January 25th, 2016

Hibernation — it’s for the bees!


During this weekend’s blizzard, I set my sights on planning my garden. Browsing inspirational Pinterest boards in addition to garden design books, I got to thinking – where do bees go in winter? Bears hibernate, birds migrate, but what about bees?

I detoured into “bee research” and learned a few things! Some types of bees actually do hibernate. Carpenter bees, both male and female, overwinter in the tunnels they have drilled into wood. With bumble bees, only the queen finds a nest to sleep until the spring, when she restarts her colony. But honey bees are unique in that they stay active all winter, meaning their colonies can survive for years.

When the temperature outside drops below 57 degrees, they do something called a “winter cluster” where the colony groups itself around the queen bee and shake in order to generate heat in the hive. The bees keep their wings still while vibrating their flight muscles, which warms them up. The colder it gets, the tighter the cluster.

Throughout the winter, the bees move around to distribute the warmth. When bees on the outside of the cluster find themselves in need of a reprieve, they push themselves into the middle of the group, giving a new group a turn to work as the insulators. The middle of the hive can get pretty toasty—the temperature can hike up towards 93 degrees!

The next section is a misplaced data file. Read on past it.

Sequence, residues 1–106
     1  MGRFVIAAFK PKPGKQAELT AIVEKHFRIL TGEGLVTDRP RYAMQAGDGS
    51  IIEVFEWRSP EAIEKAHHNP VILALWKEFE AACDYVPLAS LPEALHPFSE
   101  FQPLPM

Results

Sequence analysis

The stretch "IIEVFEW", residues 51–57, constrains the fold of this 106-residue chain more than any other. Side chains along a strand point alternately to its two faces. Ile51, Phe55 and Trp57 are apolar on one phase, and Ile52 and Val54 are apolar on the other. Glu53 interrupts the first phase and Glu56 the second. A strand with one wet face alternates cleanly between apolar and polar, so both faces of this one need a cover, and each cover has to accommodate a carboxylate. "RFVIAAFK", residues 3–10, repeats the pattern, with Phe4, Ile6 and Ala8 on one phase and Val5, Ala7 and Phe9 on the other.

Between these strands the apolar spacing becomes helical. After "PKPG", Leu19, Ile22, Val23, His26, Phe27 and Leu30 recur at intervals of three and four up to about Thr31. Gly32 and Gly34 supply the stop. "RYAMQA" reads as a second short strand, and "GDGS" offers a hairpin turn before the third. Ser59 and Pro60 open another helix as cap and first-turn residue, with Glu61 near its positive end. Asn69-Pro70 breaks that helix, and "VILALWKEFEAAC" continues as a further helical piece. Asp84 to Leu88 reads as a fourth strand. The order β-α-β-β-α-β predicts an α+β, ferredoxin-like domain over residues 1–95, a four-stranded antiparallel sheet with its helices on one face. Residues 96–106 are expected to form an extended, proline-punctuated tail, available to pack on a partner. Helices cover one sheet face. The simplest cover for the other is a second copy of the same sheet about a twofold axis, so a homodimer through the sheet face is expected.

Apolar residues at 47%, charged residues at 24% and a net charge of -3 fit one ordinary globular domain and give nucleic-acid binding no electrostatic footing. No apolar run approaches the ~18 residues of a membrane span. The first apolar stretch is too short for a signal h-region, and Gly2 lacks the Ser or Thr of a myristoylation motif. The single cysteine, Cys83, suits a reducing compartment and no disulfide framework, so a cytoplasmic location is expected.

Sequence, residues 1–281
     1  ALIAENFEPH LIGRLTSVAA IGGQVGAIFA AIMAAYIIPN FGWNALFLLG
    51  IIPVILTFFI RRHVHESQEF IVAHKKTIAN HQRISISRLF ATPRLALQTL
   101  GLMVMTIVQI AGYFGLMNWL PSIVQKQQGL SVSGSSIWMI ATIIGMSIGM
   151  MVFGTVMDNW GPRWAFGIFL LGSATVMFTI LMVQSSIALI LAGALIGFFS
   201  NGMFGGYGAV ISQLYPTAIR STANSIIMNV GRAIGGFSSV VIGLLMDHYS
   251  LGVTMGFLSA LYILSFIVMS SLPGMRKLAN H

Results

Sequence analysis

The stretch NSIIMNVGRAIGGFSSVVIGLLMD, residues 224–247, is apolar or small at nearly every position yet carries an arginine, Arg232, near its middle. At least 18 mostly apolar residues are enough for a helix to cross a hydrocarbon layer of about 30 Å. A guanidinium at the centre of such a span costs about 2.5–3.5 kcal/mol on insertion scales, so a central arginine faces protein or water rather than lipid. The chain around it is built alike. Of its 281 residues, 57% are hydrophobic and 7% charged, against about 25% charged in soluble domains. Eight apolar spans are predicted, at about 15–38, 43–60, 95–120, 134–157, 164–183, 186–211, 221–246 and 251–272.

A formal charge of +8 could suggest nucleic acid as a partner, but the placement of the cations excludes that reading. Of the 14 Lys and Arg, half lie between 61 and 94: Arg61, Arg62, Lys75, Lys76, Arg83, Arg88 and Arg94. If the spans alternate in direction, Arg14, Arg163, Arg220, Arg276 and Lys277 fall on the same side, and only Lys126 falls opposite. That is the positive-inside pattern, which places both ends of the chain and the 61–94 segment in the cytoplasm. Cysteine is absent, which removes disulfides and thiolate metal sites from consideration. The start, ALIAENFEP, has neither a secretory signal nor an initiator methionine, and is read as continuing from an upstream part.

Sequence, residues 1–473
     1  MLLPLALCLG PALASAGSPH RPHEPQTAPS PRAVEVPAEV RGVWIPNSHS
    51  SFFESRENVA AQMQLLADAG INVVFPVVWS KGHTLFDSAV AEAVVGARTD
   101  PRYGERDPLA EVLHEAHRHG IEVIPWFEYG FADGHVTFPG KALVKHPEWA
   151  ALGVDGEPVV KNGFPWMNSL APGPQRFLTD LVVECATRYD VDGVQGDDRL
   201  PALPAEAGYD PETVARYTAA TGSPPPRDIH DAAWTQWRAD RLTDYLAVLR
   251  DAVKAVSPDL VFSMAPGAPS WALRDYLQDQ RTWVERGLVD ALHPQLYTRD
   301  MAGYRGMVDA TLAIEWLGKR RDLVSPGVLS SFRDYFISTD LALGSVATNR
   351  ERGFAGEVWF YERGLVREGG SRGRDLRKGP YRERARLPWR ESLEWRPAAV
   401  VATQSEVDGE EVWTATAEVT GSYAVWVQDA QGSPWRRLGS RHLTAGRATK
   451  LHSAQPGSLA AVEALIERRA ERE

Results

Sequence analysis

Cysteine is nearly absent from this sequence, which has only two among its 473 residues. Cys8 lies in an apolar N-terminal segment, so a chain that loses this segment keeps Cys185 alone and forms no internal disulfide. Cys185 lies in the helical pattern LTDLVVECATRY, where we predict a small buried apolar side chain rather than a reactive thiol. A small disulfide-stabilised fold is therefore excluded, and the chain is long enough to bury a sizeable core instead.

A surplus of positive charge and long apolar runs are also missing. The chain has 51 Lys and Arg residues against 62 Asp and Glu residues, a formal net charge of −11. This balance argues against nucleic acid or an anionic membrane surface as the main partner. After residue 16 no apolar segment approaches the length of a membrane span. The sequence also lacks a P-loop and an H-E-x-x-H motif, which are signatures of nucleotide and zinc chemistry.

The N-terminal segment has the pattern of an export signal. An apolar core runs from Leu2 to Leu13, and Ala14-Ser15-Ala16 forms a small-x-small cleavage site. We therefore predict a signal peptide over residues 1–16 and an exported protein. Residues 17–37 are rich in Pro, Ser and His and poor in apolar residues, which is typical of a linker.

The honey bee adapts in another way to deal with the weather: their lifespan is extended as well. In the summer, a worker bee’s average lifespan is 4-6 weeks, but in the winter, that time expands to up to 4-6 months, in order for the bees to live through the winter and to keep the queen bee alive.

If reading about the fascinating behavior of bees inspired you to learn more, stop by the library to check out some resources! To expand your knowledge on bees, try the book “A Short History of the Honey Bee: Humans, Flowers, and Bees in the Eternal Chase for Honey.” The documentary “The Vanishing of the Bees” talks about the decrease in honey bee populations across the world. If we’ve inspired you to start your own beehive, the book “Save the Bees with Natural Backyard Hives” shows you an easy way to keep healthy bees. Cecilton Branch Library will host the Cecil County Master Gardeners for an “Introduction to Beekeeping” on Tuesday, February 2 at 6:30pm.

Will you join us?

January 18th, 2016

5 Free Things to do Next Saturday, January 23

blogpic2As you relax over the long weekend, beat the winter doldrums with these five free events to attend with your kids next Saturday!
Hora de Cuentos, 10:30am Elkton Central Library – Enjoy stories, music, rhymes, and crafts presented in both English and Spanish.

Finch Robots, 11am Rising Sun Branch – Explore computer coding with our new Finch robots. Program sponsored in partnership with Orbital ATK. For families with children ages 5-11. Program to be held at Janes United Methodist Church.

Family Sing-Along: Frozen, 1pm Chesapeake City Branch – Sing along to the words on screen while watching Frozen. Costumes encouraged!

Mad Science: Spin, Pop, Boom!, 1:30pm Cecilton Branch – Prepare to be amazed by spectacular chemical reactions during this interactive show presented by Mad Science of DE Valley. Ages 5-8.

Meet the Author: David Teague, 2pm Elkton Central Library – Meet local author David Teague! He will discuss his works for children and teens and what it takes to become a writer. Families and students ages 10 and up.

Click through or call your local branch library to sign up for any of these events.


David Teague photo courtesy of The Children’s Book Review.

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